By Nikolas Spanoudakis
If you are a student reading the online version of Uttryck then it’s quite probable you only have heard about the fall of the Berlin wall as you were not born by the time it happened. However this historic moment, which took place thirty years ago, triggered a series of events whose consequences we are still experiencing. Many people focus on the most iconic meaning of this event: the fall of the so called ‘Iron Curtain’ which marked the end of the Cold War between the capitalist Western economies and the socialist Soviet Union. In fact the fall of the Berlin wall accelerated other events around Europe and Russia which contributed to the imminent collapse of the Soviet Union. It also signaled the march of many European markets towards democracy and free market economies. Moreover the disappearance of the divide between East and West created space for a new Europe to be born, new institutions to take place and new norms to be established.
In this article I will try to focus on some landmark events which have shaped Europe during the last thirty years. My evaluation is subjective, certainly not exhaustive and thus I do not claim it is absolutely right. Nonetheless I hope you find it interesting. Let’s begin with the Schengen Convention.
Schengen Convention: If you ask your parents they may tell you stories about how they had to wait at customs in order to cross from one European country to another. Or they had to wait on queues in the airports for their passports to be checked when travelling in Europe. They might even have needed to apply for a visa for a single trip to Paris for example! Schengen Convention sent all these situations to the past as it abolished the custom controls among the countries which became a part of it. Although nowadays we take the free movement of people within the Schengen Area for granted, let’s not forget that the Swedish government introduced ‘temporary’ border controls on the border with Denmark some 5 years ago. Therefore we need to defend this privilege.
Creation of the European Union: It is impossible to describe the advances introduced by a number of treaties among the members of the European Economic Community (EEC) but it is safe to say that they have gradually converted what was once the EEC into the European Union (EU). That meant a shift from a strictly economic cooperation to the creation of a supranational political organisation. They gradually gave the European Parliament, the only body which is directly elected by the european citizens, the power to legislate and have a meaningful say on european matters and co-decide with the other institutions. They gave European citizens rights which are respected in every member state. For example any European citizen can study in another EU country while enjoying the same rights as the country’s citizens. These are only a few examples of the changes around Europe.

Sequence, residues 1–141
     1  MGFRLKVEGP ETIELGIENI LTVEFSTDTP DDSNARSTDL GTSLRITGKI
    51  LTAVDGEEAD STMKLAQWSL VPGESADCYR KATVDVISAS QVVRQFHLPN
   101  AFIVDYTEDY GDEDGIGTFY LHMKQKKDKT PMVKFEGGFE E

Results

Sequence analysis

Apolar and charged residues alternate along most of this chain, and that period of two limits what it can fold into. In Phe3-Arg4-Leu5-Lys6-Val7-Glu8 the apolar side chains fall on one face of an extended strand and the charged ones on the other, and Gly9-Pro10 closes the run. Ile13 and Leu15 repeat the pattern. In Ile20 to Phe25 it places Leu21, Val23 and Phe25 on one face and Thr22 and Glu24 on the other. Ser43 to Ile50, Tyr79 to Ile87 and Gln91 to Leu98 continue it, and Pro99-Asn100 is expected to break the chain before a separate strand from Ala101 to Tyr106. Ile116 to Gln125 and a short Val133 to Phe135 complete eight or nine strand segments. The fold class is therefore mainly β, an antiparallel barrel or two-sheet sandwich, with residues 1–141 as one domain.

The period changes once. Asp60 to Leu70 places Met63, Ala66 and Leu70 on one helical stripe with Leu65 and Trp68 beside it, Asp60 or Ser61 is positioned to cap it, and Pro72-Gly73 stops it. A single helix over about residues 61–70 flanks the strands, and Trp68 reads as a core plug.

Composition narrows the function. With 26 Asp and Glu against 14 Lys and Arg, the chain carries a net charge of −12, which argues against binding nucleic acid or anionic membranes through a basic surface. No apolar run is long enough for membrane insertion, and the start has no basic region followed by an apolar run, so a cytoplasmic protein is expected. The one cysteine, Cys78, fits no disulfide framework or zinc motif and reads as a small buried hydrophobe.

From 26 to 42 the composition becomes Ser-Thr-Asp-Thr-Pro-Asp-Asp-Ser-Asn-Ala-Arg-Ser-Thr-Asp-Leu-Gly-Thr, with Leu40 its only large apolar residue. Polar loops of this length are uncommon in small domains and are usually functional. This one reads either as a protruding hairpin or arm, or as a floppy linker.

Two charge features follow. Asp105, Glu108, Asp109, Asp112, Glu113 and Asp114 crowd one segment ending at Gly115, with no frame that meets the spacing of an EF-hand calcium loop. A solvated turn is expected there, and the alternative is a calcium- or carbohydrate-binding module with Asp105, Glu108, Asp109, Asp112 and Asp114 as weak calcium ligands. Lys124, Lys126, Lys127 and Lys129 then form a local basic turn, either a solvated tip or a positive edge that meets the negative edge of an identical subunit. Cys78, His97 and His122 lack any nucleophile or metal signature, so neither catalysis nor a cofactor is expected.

Introduction of the Euro: By the 2000s several EU countries had embarked on a bold project, the introduction of a common European currency, the euro. This was an unprecedented project because it implied that the participating countries would give up their sovereignty upon their monetary policies and allow the European Central Bank to take control of them. Take a moment to think about the magnitude of this: Countries which were fighting each other during the World Wars had decided to intertwine their economies with a common currency! The euro’s architecture had some serious problems which damaged its reputation during the 2009 crisis. But despite its undeniable problems the euro has survived and the last eurobarometer surveys showed that it enjoys strong and wide acceptance around the whole euro area. The euro gives citizens stability by being a strong currency, allowing ease of transborder transactions and other benefits that the media don’t like to narrate because although important they are not dramatic as the euro crisis.
Therefore the last 30 years came with significant advances which have shaped Europe and can be safely attributed to the EU. However, there have also been many backlashes with the most representative of all being Brexit. This shows that the fall of division lines as pronounced by the fall of the Berlin wall is not an irreversible process. This is partially understandable as the rise of the globalisation left many people feeling powerless, in need of a shelter which the promised national walls are supposed to offer. However, everybody can see that when the EU enters trade negotiations as a unified bloc, it delivers much more to its citizens than the sum of their nations, not to speak about the bilateral agreements that their individual nations can negotiate. Respectively, we can see that in areas where the national divides prevail such as foreign, security policy, the EU is a helpless organisation. For instance during the war in Syria, the EU had no chance to intervene and stop it because of its internal divisions. Consequently, it reduced itself to an observer, trying to manage the big refugee flows coming to it.
It is therefore up to the European citizens to unite behind the EU, a project which provides them a fair say in tomorrow’s world or otherwise get smashed by the global giants (USA, China, etc.). by focusing on their national divisions. The fall of the Berlin wall showed the way. Let’s preserve its momentum and enhance it!
Cover photo: Thijs ter Haar
Nikolas Spanoudakis graduated from a master in chemistry for renewable energy and ever since sustainability is a key aspect of his life. But quite recently he realised that he has to fight for another important element in his life: the European Union. Thus, he decided to become a little champion of the EU. The result is doubtful but he is sure that the cause is good. Let’s see what happens!